The reserves aim to represent the whole array of sea life and sea features found in Australia’ oceans so that these are better protected from damaging human activities and passed on to future generations in a healthy state.

Where is the network located?

The marine reserves will be located at various locations all around Australia, in addition to existing marine reserves already familiar to us, like the Great Barrier Reef and Ningaloo Reef. You can see the final zoning proposal here.

All federal marine reserves will begin at least 5.5 kilometres (3 nautical miles) from shore and some are located at the end of Australia’s Exclusive Economic Zone which is a distant 370 kilometres (200 nautical miles) offshore.

Can you enter the marine reserve network?

There are eight categories of zoning within the proposed new marine reserves. 9% of the new reserves will be highly protected sanctuary zones, the other seven zoning types will allow various forms of activities. Recreational boating and sailing will be allowed in all eight zones. As for commercial and merchant navy vessels, they are free to come and go provided they follow procedures designed to minimize environmental impact.

Will this effect fishing?

The federal reserves won’t prevent you from fishing off any jetty in Australia that you are currently able to. As the proposed federal marine reserves kick in at least 5.5 kilometres offshore, unless you’ve got a boat and a fair amount of spare time to get yourself way out to sea, you’re still free to fish until your heart’s content.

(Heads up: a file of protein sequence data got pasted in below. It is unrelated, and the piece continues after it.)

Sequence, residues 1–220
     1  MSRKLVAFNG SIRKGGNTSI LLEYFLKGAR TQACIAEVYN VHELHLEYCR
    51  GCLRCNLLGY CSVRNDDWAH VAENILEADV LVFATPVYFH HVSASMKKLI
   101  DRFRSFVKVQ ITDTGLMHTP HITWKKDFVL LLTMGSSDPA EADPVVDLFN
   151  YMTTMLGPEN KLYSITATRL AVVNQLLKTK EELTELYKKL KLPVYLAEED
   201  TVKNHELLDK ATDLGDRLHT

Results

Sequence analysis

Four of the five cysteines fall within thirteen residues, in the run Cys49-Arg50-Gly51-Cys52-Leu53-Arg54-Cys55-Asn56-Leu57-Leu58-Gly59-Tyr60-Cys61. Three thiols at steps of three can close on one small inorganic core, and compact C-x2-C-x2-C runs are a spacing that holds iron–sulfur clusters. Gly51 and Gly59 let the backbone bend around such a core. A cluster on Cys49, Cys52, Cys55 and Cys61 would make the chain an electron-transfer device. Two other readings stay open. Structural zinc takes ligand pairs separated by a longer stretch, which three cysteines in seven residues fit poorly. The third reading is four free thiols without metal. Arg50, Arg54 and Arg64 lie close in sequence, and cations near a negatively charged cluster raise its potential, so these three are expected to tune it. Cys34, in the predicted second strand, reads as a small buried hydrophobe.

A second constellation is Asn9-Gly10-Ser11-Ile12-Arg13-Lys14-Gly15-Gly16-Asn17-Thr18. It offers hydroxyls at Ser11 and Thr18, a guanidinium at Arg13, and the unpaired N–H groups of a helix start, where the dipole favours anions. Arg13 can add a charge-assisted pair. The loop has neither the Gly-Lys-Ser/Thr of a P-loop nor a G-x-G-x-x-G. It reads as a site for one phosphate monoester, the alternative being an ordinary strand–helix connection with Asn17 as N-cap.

In fact, seven of the eight designated zones actually still allow all forms of recreational and commercial fishing except bottom trawling and gillnetting. By excluding these most damaging and indiscriminate forms of fishing, the government is taking steps to protect non-target species of wildlife and sea floor features in these reserve areas.

What about commercial fishermen?

The Australian government says it has aimed to locate and zone reserves to minimise the impact on commercial fishermen. That said, change always causes some turmoil and several commercial operations may be affected. To counter this, the federal government has committed a minimum of $100m to assist those affected by the introduction of marine reserves, much in the same way as previous governments did with the introduction of marine reserves in the south-east and the rezoning of the Great Barrier Reef Marine Park.

Well, that’s it. We hope this has given you a better idea of the core issues surrounding the introduction of marine reserves. It’s not the final step – as my earlier post highlighted there are still some important areas in need of protection. However, it is a great step forward in helping to conserve Australia’s oceans for future generations.

As always, if you’ve got a question we haven’t covered, feel free to drop it in the comments and we’ll do our best to answer it.


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Azzedine Downes,IFAW President and CEO